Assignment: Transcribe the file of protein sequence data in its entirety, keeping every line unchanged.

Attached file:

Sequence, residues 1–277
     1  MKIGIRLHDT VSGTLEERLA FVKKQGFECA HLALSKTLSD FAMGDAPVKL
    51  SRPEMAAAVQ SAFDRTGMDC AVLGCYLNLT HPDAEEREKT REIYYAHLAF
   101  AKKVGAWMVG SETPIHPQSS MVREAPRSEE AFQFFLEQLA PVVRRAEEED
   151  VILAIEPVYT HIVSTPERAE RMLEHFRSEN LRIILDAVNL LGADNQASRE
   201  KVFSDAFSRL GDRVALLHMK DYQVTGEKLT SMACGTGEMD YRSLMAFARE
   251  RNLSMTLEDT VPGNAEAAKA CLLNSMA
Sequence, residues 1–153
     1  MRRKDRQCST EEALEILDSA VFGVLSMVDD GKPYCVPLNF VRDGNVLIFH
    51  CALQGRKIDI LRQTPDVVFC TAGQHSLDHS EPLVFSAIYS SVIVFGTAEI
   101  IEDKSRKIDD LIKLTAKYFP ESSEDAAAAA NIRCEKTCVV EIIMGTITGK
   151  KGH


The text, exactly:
Sequence, residues 1–277
     1  MKIGIRLHDT VSGTLEERLA FVKKQGFECA HLALSKTLSD FAMGDAPVKL
    51  SRPEMAAAVQ SAFDRTGMDC AVLGCYLNLT HPDAEEREKT REIYYAHLAF
   101  AKKVGAWMVG SETPIHPQSS MVREAPRSEE AFQFFLEQLA PVVRRAEEED
   151  VILAIEPVYT HIVSTPERAE RMLEHFRSEN LRIILDAVNL LGADNQASRE
   201  KVFSDAFSRL GDRVALLHMK DYQVTGEKLT SMACGTGEMD YRSLMAFARE
   251  RNLSMTLEDT VPGNAEAAKA CLLNSMA
Sequence, residues 1–153
     1  MRRKDRQCST EEALEILDSA VFGVLSMVDD GKPYCVPLNF VRDGNVLIFH
    51  CALQGRKIDI LRQTPDVVFC TAGQHSLDHS EPLVFSAIYS SVIVFGTAEI
   101  IEDKSRKIDD LIKLTAKYFP ESSEDAAAAA NIRCEKTCVV EIIMGTITGK
   151  KGH